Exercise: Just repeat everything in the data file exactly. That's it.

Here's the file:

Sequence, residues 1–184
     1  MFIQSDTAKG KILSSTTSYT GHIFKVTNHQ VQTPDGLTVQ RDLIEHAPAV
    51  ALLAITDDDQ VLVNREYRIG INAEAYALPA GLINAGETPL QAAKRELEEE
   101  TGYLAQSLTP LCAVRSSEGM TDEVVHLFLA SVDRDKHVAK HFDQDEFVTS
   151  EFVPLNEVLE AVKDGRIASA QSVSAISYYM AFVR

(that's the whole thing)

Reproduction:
Sequence, residues 1–184
     1  MFIQSDTAKG KILSSTTSYT GHIFKVTNHQ VQTPDGLTVQ RDLIEHAPAV
    51  ALLAITDDDQ VLVNREYRIG INAEAYALPA GLINAGETPL QAAKRELEEE
   101  TGYLAQSLTP LCAVRSSEGM TDEVVHLFLA SVDRDKHVAK HFDQDEFVTS
   151  EFVPLNEVLE AVKDGRIASA QSVSAISYYM AFVR